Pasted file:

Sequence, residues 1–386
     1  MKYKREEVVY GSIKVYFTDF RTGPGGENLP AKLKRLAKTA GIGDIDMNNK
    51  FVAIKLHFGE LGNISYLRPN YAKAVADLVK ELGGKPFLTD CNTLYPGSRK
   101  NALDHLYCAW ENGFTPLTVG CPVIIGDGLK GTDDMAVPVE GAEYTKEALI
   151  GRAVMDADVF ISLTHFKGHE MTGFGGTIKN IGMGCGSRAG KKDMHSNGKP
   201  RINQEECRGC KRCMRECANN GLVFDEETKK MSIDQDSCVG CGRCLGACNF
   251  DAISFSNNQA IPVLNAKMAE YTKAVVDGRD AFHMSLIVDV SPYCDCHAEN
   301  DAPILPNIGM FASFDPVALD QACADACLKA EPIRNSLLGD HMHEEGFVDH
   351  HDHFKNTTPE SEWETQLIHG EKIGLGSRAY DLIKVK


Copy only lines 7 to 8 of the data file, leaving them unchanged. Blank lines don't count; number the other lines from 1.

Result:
   251  DAISFSNNQA IPVLNAKMAE YTKAVVDGRD AFHMSLIVDV SPYCDCHAEN
   301  DAPILPNIGM FASFDPVALD QACADACLKA EPIRNSLLGD HMHEEGFVDH